Below Inishshark we have the small island of Inishgort. What will we experience in the area of water between these two islands? Given what we have seen in the previous RYA image, we can apply these same principles to this location.
My first thought is that the wind is going to funnel up into this gap and, depending on the height of the land, potentially race through the area between the islands, so we may see a wind speed there greater than predicted. We could also get waves reflected off the coast on the southern side of the large island – especially if its vertical cliffs reflect well, unlike a shelving beach that may dissipate some of the wave energy. There are a few shallower areas too, and this will give rise to rougher conditions in those particular locations as water moves from the deeper water (the white areas) to the far shallower areas (blue areas). That could be helpful, though, in removing some of the energy from the waves, leaving calmer waters behind these shallow areas. Around the northern side of Inishgort we may get refraction and/or diffraction, and, depending on tidal height, this may be worse if waves are funnelling through gaps in the islands.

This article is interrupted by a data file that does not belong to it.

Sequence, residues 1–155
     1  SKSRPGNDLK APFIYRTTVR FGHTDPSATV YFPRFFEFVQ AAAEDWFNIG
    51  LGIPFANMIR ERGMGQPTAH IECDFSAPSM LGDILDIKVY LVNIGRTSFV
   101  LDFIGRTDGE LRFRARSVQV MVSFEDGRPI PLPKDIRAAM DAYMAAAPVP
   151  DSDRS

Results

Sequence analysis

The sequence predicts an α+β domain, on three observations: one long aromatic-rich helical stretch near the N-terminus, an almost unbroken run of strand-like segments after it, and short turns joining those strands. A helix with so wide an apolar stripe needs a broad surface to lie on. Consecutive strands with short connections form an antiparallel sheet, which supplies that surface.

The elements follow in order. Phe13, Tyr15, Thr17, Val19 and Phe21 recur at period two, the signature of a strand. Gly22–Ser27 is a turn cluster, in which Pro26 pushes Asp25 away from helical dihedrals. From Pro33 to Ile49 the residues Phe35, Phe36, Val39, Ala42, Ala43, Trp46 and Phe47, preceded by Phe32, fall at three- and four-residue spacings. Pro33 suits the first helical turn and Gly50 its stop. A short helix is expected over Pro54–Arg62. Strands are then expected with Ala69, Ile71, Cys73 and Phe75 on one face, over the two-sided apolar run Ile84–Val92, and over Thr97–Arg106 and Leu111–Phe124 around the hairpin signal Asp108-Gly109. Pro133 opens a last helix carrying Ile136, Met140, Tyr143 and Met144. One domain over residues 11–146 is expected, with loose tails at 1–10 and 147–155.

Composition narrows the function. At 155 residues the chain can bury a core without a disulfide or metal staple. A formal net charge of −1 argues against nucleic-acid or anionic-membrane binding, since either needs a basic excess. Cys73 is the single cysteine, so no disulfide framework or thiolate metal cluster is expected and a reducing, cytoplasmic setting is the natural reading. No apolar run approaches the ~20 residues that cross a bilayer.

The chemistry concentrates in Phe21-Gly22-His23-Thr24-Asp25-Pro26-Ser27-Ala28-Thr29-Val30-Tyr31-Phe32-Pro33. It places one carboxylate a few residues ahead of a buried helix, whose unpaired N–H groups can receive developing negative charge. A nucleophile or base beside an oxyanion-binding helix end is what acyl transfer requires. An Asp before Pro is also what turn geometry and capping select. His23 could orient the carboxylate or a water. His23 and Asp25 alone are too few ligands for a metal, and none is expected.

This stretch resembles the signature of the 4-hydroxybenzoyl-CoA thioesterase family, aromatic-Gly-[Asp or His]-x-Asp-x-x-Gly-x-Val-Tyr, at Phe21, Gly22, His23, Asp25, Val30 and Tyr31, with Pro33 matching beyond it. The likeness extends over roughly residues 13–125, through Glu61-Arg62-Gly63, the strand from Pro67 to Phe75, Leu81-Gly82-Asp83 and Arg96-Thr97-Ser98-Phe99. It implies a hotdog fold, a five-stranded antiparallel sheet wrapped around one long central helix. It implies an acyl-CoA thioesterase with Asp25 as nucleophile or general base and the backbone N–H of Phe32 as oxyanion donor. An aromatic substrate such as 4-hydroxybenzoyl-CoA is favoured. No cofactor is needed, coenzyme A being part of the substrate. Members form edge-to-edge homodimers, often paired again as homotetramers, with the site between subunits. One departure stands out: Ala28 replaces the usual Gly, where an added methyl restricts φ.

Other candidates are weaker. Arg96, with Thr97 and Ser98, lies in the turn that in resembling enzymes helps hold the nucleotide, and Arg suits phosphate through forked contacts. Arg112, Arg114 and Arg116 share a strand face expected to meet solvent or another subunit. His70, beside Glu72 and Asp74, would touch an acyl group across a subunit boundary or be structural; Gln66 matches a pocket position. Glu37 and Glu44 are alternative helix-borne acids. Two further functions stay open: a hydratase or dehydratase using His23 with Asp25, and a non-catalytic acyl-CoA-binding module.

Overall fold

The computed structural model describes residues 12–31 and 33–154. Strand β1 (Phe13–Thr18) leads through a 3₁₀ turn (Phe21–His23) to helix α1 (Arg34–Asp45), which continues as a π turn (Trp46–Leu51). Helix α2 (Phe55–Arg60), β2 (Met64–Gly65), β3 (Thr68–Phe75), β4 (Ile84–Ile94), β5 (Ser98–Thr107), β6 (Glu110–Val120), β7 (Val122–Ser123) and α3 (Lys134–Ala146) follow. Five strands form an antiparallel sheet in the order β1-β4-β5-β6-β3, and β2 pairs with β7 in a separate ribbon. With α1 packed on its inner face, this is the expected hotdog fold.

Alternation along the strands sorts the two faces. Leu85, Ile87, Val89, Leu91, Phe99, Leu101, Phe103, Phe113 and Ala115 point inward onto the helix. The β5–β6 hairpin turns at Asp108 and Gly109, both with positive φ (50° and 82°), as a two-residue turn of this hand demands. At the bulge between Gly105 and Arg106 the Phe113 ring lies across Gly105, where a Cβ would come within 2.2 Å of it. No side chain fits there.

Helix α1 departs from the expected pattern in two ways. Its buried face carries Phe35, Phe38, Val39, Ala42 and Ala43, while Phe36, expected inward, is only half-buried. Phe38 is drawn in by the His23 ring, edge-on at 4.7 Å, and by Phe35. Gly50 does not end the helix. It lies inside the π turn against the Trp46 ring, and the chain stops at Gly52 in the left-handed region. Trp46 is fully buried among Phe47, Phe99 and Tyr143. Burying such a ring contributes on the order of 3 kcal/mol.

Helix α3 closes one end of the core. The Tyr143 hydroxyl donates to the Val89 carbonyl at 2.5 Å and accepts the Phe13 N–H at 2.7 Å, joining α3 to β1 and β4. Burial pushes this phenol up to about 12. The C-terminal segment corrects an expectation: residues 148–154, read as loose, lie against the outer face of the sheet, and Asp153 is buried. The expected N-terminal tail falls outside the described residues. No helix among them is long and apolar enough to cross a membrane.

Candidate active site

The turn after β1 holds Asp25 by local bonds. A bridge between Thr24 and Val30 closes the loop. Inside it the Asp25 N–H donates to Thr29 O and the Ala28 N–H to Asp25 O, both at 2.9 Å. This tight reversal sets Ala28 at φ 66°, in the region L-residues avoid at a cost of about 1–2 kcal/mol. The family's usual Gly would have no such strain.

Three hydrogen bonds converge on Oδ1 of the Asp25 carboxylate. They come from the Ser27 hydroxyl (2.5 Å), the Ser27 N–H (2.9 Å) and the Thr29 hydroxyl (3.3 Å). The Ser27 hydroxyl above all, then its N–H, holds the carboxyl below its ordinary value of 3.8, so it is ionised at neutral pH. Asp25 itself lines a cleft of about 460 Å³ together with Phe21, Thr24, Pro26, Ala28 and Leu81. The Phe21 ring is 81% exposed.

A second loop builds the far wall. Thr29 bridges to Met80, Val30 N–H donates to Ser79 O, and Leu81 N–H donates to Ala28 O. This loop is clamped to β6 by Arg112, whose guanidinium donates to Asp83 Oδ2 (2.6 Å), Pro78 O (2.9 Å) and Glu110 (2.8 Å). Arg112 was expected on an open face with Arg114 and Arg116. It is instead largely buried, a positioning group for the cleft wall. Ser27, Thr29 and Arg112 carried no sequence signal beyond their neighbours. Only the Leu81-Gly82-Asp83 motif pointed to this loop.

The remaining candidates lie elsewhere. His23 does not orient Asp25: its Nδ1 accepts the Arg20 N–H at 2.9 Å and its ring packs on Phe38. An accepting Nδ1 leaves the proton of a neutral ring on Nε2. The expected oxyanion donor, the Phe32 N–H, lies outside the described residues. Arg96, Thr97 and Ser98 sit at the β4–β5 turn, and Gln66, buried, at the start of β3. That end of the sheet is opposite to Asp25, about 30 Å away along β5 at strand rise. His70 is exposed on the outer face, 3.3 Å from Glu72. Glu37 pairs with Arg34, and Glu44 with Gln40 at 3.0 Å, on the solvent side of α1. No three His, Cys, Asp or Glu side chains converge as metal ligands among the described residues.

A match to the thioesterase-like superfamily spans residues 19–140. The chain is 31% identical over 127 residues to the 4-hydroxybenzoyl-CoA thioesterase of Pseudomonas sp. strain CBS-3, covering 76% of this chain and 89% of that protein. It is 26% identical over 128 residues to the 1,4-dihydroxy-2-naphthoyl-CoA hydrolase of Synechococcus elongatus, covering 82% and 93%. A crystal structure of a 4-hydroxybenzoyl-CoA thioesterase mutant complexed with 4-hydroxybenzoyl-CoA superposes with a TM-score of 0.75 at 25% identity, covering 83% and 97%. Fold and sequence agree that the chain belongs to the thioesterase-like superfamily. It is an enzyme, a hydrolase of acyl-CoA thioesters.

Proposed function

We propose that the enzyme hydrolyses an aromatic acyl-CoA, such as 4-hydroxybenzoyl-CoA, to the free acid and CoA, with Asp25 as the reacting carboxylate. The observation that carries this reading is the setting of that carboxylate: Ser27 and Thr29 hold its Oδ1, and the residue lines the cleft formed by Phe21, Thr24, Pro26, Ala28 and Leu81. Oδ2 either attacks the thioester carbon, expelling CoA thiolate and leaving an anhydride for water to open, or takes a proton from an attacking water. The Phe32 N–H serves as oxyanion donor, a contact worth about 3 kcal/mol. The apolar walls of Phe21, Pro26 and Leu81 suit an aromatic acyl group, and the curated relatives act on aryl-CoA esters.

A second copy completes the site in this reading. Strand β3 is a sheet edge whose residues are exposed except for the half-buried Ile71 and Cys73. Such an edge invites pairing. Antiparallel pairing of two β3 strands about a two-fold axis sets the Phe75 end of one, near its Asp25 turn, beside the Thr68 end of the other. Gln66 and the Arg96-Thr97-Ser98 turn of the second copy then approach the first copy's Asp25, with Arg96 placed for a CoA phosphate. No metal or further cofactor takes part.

So would we want to go through this gap? Well, it depends on all of the factors we have listed, and we haven’t even started to look at the waves and how our boat handles in a following sea yet. Equally we have assumed there is no tide, and whether this is running against or with the wind will have a massive bearing. In this case we may well not have to take on the gap, as there is an easier route by heading south of Inishgort and then turning north, but hopefully what we have provoked here is a bit of thought in that by using a chart, knowing the wind and tide and having some knowledge of wave theory we can second-guess to a large extent what conditions we may face. Of course, there are some big dollops of educated guesswork in there, but that’s far better than no thought at all!
In the next article we’ll look at handling waves and creating a strategy for driving in rougher conditions. In the meantime, why not have a look at an area on a chart and see how you interpret how wind and tide will react around land areas.
Have fun afloat!
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Paul Glatzel is an RYA powerboat trainer and wrote the RYA Powerboat Handbook and the RYA Advanced Powerboat Handbook. He runs Powerboat Training UK in Poole and Lymington (www.powerboattraininguk.co.uk) and is an advisor for the RNLI.